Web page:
Tuesday, December 25, 2012

Guillaume Morissette "I Am My Own Betrayal"

I read this book instead of watching the made-for-TV movie I was supposed to watch for a class. I loved this book. And by “loved it” I mean it imbued me with a whimsical sort of morose I don’t often get to experience, but always enjoy.
My favorite poem was “I have girly arms and I mean it.” My favorite lines in that poem were “I am so angry at my girly arms I could punch my dad in the dick, / which would have no effect because I have girly arms.” There is a bitter-funny element to this poem that reminds me of a story someone told me about a famous philosopher who, while reading Kafka, fell to the floor crying in hysterical laughter. Guillaume Morissette is very good at titling his poems (this probably involves the same skill-set as twitter, which is why he has such a nice twitter). I am terrible at titling my poems and always take the easy way out (which is probably why both my poem titles and twitter suck).
I recommend this book for the following occasions:
1. Taking the Megabus to a place you’d rather not be (Christmas is coming boys and girls)
2. During the period between when you get to a shitty class and when it starts.
3. Really anytime.
Real Talk:
One thing I find exciting about what is going on in literature right now is its break with realism, which has dominated fiction since the age of Flaubert. Morissette’s characters say bleak and ironic statements like “Circle of life, straightforward line of death. And I don’t care because I’ll probably be dead by then. So there’s no point in having kids anymore, we’re the last generation. I’m the last generation. Have a pepsi.” I realize some people do not enjoy this style, but I personally love this kind of absurdist writing. I do not feel it distracts or retreats from reality, but allows us to realize the unspoken absurdity of reality. We all sit around having Pepsis (I’m actually having a Coke right now, but same idea) and making small talk while we hurtle into environmental catastrophe and possible annihilation. Guillaume is playing with the apathetic auto-destructiveness of society in an effective way.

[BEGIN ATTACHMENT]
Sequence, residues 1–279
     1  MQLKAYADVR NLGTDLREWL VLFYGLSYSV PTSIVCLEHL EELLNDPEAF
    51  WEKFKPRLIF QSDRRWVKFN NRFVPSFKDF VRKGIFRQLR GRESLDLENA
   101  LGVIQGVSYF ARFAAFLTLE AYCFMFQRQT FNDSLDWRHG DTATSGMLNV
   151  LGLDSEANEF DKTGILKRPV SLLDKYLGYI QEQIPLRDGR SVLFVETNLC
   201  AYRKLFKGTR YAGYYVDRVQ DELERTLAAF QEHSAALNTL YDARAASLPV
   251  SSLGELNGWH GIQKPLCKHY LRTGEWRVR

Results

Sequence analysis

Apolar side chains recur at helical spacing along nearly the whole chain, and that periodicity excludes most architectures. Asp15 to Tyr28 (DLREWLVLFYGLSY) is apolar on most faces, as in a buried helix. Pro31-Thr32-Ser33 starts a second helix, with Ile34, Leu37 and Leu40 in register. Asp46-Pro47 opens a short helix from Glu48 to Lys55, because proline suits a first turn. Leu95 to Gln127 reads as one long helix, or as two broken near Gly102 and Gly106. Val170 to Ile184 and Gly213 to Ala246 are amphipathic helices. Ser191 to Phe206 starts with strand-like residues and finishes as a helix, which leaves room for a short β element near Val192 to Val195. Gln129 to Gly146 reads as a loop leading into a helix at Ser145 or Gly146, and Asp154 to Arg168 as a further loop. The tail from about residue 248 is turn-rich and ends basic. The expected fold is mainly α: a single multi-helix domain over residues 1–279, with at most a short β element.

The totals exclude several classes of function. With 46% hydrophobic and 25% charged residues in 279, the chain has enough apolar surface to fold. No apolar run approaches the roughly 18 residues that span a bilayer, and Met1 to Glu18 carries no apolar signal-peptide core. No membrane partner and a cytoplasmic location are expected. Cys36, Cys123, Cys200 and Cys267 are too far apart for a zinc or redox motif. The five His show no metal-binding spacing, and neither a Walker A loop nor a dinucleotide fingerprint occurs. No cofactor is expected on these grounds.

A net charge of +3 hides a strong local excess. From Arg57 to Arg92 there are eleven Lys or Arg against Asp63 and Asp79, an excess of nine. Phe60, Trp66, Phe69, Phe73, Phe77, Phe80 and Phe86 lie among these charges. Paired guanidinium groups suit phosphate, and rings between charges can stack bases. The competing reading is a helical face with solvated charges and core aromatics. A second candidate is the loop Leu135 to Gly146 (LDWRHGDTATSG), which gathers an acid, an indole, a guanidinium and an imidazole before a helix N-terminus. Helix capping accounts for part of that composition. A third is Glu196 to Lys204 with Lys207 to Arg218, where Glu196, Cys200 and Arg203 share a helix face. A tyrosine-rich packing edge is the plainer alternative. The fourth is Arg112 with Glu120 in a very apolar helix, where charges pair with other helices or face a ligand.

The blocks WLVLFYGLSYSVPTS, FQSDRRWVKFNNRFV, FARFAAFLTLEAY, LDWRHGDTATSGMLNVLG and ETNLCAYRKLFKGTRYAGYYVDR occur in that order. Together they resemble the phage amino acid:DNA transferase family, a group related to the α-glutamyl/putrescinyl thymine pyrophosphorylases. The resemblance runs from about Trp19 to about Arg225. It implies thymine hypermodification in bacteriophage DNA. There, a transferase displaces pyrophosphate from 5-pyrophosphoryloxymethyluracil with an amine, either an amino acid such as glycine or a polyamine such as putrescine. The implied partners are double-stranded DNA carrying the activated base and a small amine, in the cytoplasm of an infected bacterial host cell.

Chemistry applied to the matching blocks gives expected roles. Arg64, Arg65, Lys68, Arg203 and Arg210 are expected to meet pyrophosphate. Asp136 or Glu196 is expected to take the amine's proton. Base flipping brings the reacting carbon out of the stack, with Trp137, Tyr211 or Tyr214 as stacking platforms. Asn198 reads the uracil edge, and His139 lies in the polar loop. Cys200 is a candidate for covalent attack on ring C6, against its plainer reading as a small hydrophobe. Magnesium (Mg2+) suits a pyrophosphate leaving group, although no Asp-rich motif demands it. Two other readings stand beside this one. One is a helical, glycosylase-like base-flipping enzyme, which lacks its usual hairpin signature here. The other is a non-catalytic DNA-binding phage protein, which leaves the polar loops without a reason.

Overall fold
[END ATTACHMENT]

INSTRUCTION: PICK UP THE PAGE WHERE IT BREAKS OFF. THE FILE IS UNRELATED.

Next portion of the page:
I look forward to seeing Guillaume’s progression, and encourage everyone to buy his book for themselves (or a loved one, Christmas is coming boys and girls) and help alleviate his “extreme poverty.”

Haruki Murakami: Kafka on the Shore (海辺のカフカ Umibe no Kafuka)

            Since it was first published in 2002, “Kafka on the Shore” has been highly regarded. It follows two separate but interconnected stories. In one, a 15 year-old boy who calls himself “Kafka Takamura” runs away from his dismal Tokyo life and the tyrannical rule of his father. Kafka hopes to find his mother who abandoned him when he was very young, taking along his adopted sister. The second follows Nakata, an old man who was rendered mentally retarded after a mysterious accident in his youth. The accident cause Nakata to lose most of his mental faculties, but gave him the ability to speak to cats. The two soon become embroiled in the bizarre occurrences Murakami is known for. Kafka finds his father’s oedipal prophecy coming true. Nakata’s simple life falls apart after meeting a mysterious man who calls himself “Johnnie Walker.”
            This was not one of my favorite of Murakami’s books. That’s not to say it wasn't good. “Kafka on the Shore” is a page-turner, with plenty of the magical realism, bizarre circumstances, and genre-melting madness that makes him one of the most dynamic and important writers of our age. It is, as many critics have noted, a kind of modern-day Greek tragedy. It also has strong metaphysical, science fiction, and romantic tendencies. I am a great lover of genre-breaking. There is also a good amount of suspense. Things seem to pop up out of nowhere, each more bizarre than the next.
 However, I was rather let down by the ending. Most of the book was held together by a feeling of dread. The two plots will be resolved and when they do it seems like it could only be traumatic and fantastical. However in this case it felt like there were still too many questions left to be answered. Kafka’s story in particular left something to be desired.
            Hardcore fans of Murakami will enjoy this novel immensely. However, I would not recommend it for first time readers.